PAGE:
Liv Ingeborg Lied, Hugo Lundhaug (ed.), Snapshots of Evolving Traditions: Jewish and Christian Manuscript Culture, Textual Fluidity, and New Philology, Walter de Gruyter, Berlin 2017.
Scholars of early Christian and Jewish literature have for many years focused on interpreting texts in their hypothetical original forms and contexts, while largely overlooking important aspects of the surviving manuscript evidence and the culture that produced it. This volume of essays seeks to remedy this situation by focusing on the material aspects of the manuscripts themselves and the fluidity of textual transmission in a manuscript culture. With an emphasis on method and looking at texts as they have been used and transmitted in manuscripts, this book discusses how we may deal with textual evidence that can often be described as mere snapshots of fluid textual traditions that have been intentionally adapted to fit ever-shifting contexts. The emphasis of the book is on the contexts and interests of users and producers of texts as they appear in our surviving manuscripts, rather than on original authors and their intentions, and the essays provide both important correctives to former textual interpretations, as well as new insights into the societies and individuals that copied and read the texts in the manuscripts that have actually been preserved to us.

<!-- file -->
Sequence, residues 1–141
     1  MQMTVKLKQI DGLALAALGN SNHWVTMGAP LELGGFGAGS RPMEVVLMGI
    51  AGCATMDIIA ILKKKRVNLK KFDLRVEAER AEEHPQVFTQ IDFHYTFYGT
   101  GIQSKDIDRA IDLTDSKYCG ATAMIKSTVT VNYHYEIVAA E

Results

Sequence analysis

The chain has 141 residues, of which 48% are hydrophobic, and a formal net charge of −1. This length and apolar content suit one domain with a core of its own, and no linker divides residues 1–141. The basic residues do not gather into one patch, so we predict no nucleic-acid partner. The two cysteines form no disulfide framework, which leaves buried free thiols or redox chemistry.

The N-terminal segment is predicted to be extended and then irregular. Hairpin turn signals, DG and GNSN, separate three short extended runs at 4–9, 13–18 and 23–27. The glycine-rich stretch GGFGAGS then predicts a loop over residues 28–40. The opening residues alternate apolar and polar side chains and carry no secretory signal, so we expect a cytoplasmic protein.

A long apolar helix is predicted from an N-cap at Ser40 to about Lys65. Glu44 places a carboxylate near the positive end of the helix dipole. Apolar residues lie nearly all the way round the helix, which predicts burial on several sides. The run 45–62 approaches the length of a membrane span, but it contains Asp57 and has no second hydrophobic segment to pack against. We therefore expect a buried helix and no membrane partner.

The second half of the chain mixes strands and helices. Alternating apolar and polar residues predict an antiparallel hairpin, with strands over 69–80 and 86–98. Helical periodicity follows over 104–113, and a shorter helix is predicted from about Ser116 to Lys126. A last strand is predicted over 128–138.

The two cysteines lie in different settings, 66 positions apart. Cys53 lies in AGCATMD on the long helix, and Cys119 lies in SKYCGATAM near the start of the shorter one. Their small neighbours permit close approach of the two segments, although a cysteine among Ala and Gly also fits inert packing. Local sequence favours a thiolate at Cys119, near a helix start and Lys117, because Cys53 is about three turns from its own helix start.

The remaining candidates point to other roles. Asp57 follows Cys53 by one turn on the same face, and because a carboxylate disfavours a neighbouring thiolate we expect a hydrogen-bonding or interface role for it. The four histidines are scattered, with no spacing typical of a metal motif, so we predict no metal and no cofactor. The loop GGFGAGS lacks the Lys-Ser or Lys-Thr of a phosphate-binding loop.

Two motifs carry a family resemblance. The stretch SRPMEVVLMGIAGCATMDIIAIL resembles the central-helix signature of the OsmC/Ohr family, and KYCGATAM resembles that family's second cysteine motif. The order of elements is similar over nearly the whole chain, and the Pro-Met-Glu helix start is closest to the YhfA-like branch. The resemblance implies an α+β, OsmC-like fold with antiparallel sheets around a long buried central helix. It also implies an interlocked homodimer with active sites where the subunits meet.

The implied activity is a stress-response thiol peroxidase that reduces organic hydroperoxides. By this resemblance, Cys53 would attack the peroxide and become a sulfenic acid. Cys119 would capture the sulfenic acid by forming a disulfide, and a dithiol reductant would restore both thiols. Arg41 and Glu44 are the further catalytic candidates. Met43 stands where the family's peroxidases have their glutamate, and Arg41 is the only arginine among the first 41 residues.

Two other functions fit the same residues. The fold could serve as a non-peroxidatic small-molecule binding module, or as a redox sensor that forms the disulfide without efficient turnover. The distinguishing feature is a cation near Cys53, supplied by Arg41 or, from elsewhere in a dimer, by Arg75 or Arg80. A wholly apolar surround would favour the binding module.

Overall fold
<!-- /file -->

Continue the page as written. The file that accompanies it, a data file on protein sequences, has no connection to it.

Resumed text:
See also: Walter De Gruyter